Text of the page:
The aim of the Most Loved Local report was to celebrate those businesses South Africans love the most and to investigate exactly what makes consumers big fans of these entities. It further offers these enterprises insights into what it takes to succeed in business, highlights the qualities that convert clients into fans and encourages more South Africans to ‘shop’ local.

Report results

Commissioned by Santam, results were compiled using a combination of digital listening tools and traditional research. Social media listening using organic search analysis looked into which business categories were being searched for most. This was followed up with a trend analysis to assess whether a business category was growing in popularity, keyword volume analysis to refine the categories and finally social listening within the categories which businesses were being spoken about in the most positive terms. Thereafter, a poll was conducted among 2 489 respondents to find out what made them love a local business – or not. The sample was nationally representative and aligned to the economically active population per province. A respected independent research house World Wide Worx conducted the research.

The full list of businesses that came top across 12 categories are:

  1. Place to Stay: Chapmans Peak Hotel (Cape Town) – the one with the perfect calamari
  2. Eatery: Marble (Johannesburg) – the one with the celebrity chef in the kitchen
  3. Butcher: The Butcher Man (Cape Town) – the one that people cross town for
  4. Bakery: Fournos (Johannesburg) – the one that is way more than a bakery
  5. Spa: Rouge Day Spa (Cape Town) – the one run by a dynamic mother-daughter team
  6. Entertainment Spot: Gold Reef City (Johannesburg)  – the one with the heart of gold
  7. Gym: Dream Body Fitness (Johannesburg) – the one that is completely unintimidating to work out at
  8. Interior Designer: By Dezign Interiors (Johannesburg) – the one that really, really gets its clients’ style
  9. Market: Bryanston Organic & Natural Market (Johannesburg) – the one that was an organic market before it was trendy to be an organic market
  10. Laundromat: Exclusive Dry Cleaners (Johannesburg) – the one that treats every single client like family
  11. Car Wash: Tubbs’s Car Wash (Johannesburg) – the one that cleans your car while you have a haircut
  12. Construction company: Radon Projects (Pretoria) – the one that is ready all day and all night

Delving into what makes a consumer go from ‘client to fan’, the key factor standing out above all others was service. Arthur Goldstuck, CEO of World Wide Worx, says it seems South Africans will forgive a multitude of ‘sins’ if they are treated well. “Good service was the number one factor that makes 40% of those surveyed support a local business. This was followed by quality products at 18%. Third place went to value for money at 10%, proving the old adage that competing on price alone is not a sound business strategy,” said Goldstuck.

When asked what makes them loyal to a local business, some interesting views across age groups emerged. “Younger clients are more swayed by quality, while older ones are impressed by service. This seems to fit with younger people wanting the status of nice things, and older people wanting to feel valued and respected,” said Goldstuck.

Unsurprisingly, all 12 Most Loved Locals called out service as one of their guiding lights and core pillars when interviewed. Theo and George Parpottas, owners of Exclusive Dry Cleaners, the selected company in the laundromat category, believe when someone walks into their shop, they should be greeted with smiling faces and courteous people. “We don’t care if it’s the president or a beggar, from the moment they walk in, they are a client. We greet them, we are courteous, and we treat them with respect. It doesn’t matter what they bring.”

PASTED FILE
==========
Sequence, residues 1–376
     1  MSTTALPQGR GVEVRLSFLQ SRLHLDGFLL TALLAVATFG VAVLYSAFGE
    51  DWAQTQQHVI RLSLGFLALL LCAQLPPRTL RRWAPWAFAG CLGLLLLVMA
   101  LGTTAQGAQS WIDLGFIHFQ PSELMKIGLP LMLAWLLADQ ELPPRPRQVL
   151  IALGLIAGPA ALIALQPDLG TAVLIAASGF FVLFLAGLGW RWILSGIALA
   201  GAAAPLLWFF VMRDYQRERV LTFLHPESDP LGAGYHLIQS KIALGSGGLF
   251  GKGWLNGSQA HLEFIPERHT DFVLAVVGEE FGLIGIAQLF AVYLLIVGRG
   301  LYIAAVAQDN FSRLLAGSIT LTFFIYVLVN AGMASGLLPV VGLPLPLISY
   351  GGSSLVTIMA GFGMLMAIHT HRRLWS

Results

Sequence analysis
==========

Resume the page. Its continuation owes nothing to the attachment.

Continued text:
For Gary Karycou, who co-owns Marble in Rosebank with celebrity chef David Higgs, it is all about attitude. “You can teach someone anything if they want to do it, but we employ on attitude. You get the basic skills but if someone really wants to learn, you can transform them.” He continues, “Giving the best service to our clients, is our motto. It’s something that’s lacking in South Africa and even globally. Businesses just become a bit complacent.”

Famed Green Point butchery and restaurant, The Butcher Man, is owned by Arie Fabiani. He says people will drive past other butcheries and come all the way to the Butcher Man because “we deliver a great service. Good service is critical, and our team knows it.”

Another key finding was that people are more likely to recommend a business if there is a good deal or excellent value for money. Mokaedi Dilotsotlhe, Chief Marketing Officer at Santam, says this is an interesting finding. “Perhaps we are more likely to share a good deal with others and keen to help others find great nuggets of the positive trade-off between value and price. So, it is worth ensuring that, in addition to service and quality, your clients feel like they are getting value for the money they spend with you. That way, they are more likely to tell family and friends the good news!”

Dilotsotlhe added that the report’s release has been well-timed as the need to stimulate sectors of the economy which can create jobs has never been more vital. Commercial enterprises are responsible for a significant percentage of the labour-force in South Africa, and the impact thereof is significant. Due to the fact that these enterprises remain a largely underinsured sector, the campaign also seeks to highlight the need for insurance as a vital aspect of business continuity. When they thrive, it benefits the whole nation, and from a Santam perspective, this translates into sustainable growth for our business.

To download the full report, click here.